Star Athletica L.L.C. v. Varsity Brands, Inc., 580 U.S. ___, 197 L. Ed 2d 354 (2017).
The U.S. Supreme Court, in a 6-2 opinion drafted by Justice Thomas, affirmed a 6th Circuit decision regarding whether features incorporated into the design of a useful article are eligible for copyright protection. The Court clarified the rule by creating a two-part test, holding that a design feature “is eligible for copyright protection . . . only if the feature (1) can be perceived as a two- or three-dimensional work of art separate from the useful article, and (2) would qualify as a protectable pictorial, graphic or sculptural work . . . if it were imagined separately from the useful article into which it is incorporated.”
This case started when Varsity Brands filed a copyright infringement action against Star Athletica, claiming that Star Athletica marketed cheerleader uniforms substantially similar to those of Varsity Brands. Star Athletica argued that Varsity’s copyrights were invalid as non-copyrightable useful designs, and in any case, the pictorial, graphic or sculptural elements of Varsity’s designs were not physically or conceptually separable from the uniforms. The U.S. District Court for the Western District of Tennessee granted Star’s Motion for Summary Judgment. On appeal, the U.S. Court of Appeals for the Sixth Circuit reversed the lower court’s decision in part and remanded for additional proceedings. The Sixth Circuit determined that the graphic features in Varsity’s designs were fabric and not dress designs, and therefore copyrightable. Star Athletica filed a writ of certiorari, requesting the Supreme Court resolve the existing conflict among the at least ten different tests applied by Circuit Courts.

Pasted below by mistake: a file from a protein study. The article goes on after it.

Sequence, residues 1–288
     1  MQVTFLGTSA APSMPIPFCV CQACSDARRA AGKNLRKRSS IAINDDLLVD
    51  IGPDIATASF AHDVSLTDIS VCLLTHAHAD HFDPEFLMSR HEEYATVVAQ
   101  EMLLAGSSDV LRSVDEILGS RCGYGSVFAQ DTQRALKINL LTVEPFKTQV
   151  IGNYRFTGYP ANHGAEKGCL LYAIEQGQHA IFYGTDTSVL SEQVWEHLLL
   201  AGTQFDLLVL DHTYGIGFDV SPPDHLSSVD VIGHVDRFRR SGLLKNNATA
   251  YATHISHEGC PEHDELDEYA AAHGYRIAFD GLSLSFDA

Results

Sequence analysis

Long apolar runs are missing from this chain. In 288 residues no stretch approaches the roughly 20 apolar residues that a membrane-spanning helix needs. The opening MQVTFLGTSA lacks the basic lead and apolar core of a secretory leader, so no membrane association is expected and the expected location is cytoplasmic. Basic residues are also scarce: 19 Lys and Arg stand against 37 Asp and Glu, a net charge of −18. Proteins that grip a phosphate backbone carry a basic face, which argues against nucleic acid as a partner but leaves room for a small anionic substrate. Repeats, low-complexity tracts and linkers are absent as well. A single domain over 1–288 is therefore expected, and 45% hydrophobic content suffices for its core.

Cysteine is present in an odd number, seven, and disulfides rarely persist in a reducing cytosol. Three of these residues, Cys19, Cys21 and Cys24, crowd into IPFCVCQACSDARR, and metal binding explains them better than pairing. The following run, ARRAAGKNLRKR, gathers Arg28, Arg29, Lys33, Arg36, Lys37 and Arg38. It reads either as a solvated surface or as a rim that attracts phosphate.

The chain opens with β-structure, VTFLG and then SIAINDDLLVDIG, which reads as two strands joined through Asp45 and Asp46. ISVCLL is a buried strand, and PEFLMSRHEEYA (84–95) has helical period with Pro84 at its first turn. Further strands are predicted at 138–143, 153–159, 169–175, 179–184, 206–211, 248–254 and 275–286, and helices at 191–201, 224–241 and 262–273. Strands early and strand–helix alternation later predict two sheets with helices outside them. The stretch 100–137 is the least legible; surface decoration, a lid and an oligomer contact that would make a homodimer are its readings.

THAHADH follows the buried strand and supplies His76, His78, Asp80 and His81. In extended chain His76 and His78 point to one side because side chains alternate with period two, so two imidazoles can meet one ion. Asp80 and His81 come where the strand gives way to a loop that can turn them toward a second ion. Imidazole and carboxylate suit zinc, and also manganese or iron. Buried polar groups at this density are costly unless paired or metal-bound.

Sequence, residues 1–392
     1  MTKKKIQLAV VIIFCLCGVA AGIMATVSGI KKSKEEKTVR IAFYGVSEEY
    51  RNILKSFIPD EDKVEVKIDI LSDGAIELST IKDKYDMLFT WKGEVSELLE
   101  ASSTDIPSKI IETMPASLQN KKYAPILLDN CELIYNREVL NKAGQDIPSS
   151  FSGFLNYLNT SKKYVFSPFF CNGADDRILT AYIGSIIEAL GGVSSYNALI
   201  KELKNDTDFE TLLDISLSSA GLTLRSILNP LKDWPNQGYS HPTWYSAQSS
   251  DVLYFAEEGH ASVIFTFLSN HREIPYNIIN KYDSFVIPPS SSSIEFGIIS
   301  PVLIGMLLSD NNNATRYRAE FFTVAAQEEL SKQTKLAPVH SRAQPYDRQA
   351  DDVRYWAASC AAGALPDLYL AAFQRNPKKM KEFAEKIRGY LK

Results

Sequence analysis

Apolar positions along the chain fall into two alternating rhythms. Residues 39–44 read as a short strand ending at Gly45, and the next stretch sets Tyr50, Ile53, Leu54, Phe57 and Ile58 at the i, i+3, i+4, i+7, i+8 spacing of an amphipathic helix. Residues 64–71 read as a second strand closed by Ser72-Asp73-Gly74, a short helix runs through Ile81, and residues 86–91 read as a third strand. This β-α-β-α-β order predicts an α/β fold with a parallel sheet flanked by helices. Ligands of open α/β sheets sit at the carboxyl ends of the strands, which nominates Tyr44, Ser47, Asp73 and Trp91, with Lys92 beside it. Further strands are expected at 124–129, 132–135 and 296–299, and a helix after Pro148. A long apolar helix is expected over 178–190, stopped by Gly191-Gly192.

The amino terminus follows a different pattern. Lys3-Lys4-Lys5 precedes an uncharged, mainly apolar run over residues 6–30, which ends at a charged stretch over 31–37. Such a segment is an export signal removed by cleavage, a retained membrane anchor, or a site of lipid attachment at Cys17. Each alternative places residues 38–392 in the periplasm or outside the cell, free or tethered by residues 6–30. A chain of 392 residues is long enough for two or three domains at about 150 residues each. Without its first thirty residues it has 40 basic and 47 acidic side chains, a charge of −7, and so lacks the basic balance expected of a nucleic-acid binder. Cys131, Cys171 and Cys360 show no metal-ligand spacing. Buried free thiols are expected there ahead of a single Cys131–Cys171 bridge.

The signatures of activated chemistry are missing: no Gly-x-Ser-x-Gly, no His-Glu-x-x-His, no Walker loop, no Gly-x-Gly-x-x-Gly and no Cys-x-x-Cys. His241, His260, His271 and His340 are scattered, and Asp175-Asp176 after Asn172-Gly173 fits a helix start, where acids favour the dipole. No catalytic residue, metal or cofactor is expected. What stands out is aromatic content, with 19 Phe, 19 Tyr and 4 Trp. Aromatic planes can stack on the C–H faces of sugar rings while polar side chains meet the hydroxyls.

In its decision, written by Justice Thomas, the Supreme Court created a two-step eligibility test for whether artistic features embedded in the design of a useful article are eligible for copyright protections. First, courts must inquire whether features embedded in the design of a useful article can be identified as a distinct pictorial, graphic or sculptural work of art. Second, courts must determine whether those features, on their own or applied in a different medium, would qualify as a protectable work of art. In the majority opinion, Justice Thomas relied heavily on Mazer v. Stein, 347 U.S. 201 (1954) hosted by supreme.justia.com, where the Court decided an electric lamp’s statuettes base was copyrightable, despite being an utilitarian mass-produced item. The Court rejected the distinction between conceptual and physical separability, deciding the Copyright Act supports conceptual separability.
Justice Ginsburg filed a concurring opinion. Justice Breyer dissented, joined by Justice Kennedy, arguing that “the designs cannot be perceived as… two- or three-dimensional works of art separate from the useful article,” since the designs Varsity submitted to the Copyright Office were only pictures of the uniforms, which are useful articles. 197 L. Ed 2d 354, 388 (U.S. Mar. 22, 2017) (J. Breyer, dissenting).
This decision clarifies the test for determining under what circumstances designs can be copyrighted. This two-step test does not focus on the item that is left once the design is conceptually separated from it, but in the usefulness of the design by itself. Therefore, designs now may enjoy copyright protections under §101 of the Copyright Act, 17 U. S. C. §101, including prohibiting reproduction of the designs not only within similar useful articles but also in any other medium of expression (not extended to the useful product). This opens a door for designers to apply for inexpensive copyright protections. In addition, the decision may be especially disruptive for the fashion and apparel industry (and other design industries) that work with fast and not-lasting trends, and where remix is a cornerstone of new artistic production. The nature of those industries might significantly change after this decision.
SCOTUSBlog provides an overview of the case. Gene Quinn, writing for IP Watchdog, catalogs the response from IP industry experts. Jessica Rissman Cohen and Antony J. McShane, writing on the National Law Review, claim that the ruling underscores the competitive benefits of obtaining copyright protection.